Deep cut Drugs and Love cuts through the singles like a hot knife. Menacing drums and guitars, by Ashley Green and Scott Carey respectively, power over the top of a moving, spoken word monologue, that come together to curate a dark and sinister sounding song; similar to the deep thoughts depression is capable of inflicting inside a person’s mind, a matter the song’s brutally honest story tells. Woodland’s vocals weave their way in between the spoken word interludes, with a soothing approach in the verses to a seething intensity in the chorus – the broad scale of his vocal range both impressive and powerful on Drugs and Love.
The subtle In Circles comes up next. The third single from the album, In Circles stunningly speaks of the mundane, monotonous cycle of everyday existence, the demolishing of dreams that come with being stuck in the rut of life’s clinical rituals, routines and indeed circles. A song with such strong lyrical meaning must have a strong visual to reflect its story; the Zak Pinchin directed music video sees a majestic depiction of a human’s boring daily schedule revolving in endless cycles as Woodland, looking like a young Vampire Weekend’s Ezra Koenig, keeps on walking hypnotically down the never ending road of routine, the only elements ever changing being the transition from day to night and the outfits on his back. In Circles is an atmospheric and melodic dose of reality, that makes us all awaken with a start to realise our aims, ambitions and aspirations in life.
nomoreroses follows as the latest single from the record. Heavy, devastating and progressive, nomoreroses harks back to the band’s roots firmly in atmospheric post-hardcore. The thunderous track features intense instrumentation, the boldest and best bridge on the album and a melodic undercurrent that runs throughout, something Holding Absence have explored not just on this very punchy number, but within their dynamic soundscape on the entire record.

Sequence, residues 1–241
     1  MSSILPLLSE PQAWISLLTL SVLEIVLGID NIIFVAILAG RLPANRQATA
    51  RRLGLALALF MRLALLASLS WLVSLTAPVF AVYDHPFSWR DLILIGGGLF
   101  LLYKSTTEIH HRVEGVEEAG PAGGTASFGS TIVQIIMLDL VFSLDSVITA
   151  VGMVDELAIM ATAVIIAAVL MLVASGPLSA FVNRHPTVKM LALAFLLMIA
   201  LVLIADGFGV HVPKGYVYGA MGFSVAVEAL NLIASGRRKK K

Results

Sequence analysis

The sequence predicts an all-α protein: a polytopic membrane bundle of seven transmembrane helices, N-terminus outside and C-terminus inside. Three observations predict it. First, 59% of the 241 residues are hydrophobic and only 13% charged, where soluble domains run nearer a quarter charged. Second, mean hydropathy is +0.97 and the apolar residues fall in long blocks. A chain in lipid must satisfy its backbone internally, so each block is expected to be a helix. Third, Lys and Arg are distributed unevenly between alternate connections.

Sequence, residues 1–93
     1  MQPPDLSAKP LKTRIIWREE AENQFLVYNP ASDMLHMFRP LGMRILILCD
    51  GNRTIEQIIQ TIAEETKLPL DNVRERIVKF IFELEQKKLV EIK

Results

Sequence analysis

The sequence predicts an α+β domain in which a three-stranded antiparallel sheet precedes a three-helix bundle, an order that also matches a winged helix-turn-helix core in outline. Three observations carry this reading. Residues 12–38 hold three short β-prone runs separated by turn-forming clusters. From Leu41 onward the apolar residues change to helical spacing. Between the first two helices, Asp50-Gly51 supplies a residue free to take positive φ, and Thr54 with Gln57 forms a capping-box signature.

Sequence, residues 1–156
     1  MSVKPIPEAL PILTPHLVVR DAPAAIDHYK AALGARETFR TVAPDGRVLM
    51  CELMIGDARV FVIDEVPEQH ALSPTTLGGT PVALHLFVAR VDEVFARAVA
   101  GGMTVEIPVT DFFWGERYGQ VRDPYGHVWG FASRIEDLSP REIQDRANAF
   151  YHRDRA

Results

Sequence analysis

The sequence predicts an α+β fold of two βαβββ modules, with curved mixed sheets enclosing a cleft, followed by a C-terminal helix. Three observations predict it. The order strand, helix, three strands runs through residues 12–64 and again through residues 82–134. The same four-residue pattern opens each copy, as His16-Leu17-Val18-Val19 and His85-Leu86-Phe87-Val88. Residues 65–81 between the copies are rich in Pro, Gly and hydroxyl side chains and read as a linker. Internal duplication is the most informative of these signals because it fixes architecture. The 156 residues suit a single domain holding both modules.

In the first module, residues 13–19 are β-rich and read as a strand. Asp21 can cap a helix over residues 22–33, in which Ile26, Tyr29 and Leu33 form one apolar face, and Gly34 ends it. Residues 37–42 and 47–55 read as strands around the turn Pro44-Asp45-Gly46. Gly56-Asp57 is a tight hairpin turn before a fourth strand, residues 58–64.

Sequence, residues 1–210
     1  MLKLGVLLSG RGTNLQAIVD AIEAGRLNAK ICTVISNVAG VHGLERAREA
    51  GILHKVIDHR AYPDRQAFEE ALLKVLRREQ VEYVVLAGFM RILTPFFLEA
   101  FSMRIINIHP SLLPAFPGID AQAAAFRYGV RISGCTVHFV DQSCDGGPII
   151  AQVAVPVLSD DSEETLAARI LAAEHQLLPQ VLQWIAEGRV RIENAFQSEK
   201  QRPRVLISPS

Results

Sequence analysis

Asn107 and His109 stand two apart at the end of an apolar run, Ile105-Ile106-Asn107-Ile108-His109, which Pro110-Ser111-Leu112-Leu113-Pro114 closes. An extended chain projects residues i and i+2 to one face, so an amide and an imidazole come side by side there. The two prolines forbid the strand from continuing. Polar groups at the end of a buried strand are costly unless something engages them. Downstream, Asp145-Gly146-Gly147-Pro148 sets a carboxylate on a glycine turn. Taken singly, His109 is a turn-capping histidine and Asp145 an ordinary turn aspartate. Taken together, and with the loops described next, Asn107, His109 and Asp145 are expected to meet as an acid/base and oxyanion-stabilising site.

First single Beyond Belief is a wonderous song that explores new sounds for the Welsh band. Starting off with dark, dream-pop vibes that wistfully reminisce of iconic bands like The Cure and The Smiths, Beyond Belief immediately soars into 80’s vintage synths, sweet guitars riffs and a catchy singalong style chorus, that is bound to get crowds singing and heads bopping during long, hot, hazy summer days during a mid-afternoon festival set. Lyrically, the song follows on from Afterlife, aiming to analyse how human emotions can handle eternal love and how the mind can comprehend the concept of falling in love forever. The warm, fuzzy sensation is brought to life by Beyond Belief’s bright, retro coloured aesthetics, far apart from the purely monochromatic world Holding Absence once inhabited. Light, airy, instantly recognisable and memorable, Beyond Belief’s timeless classic appeal makes for a song designed to stand the test of time.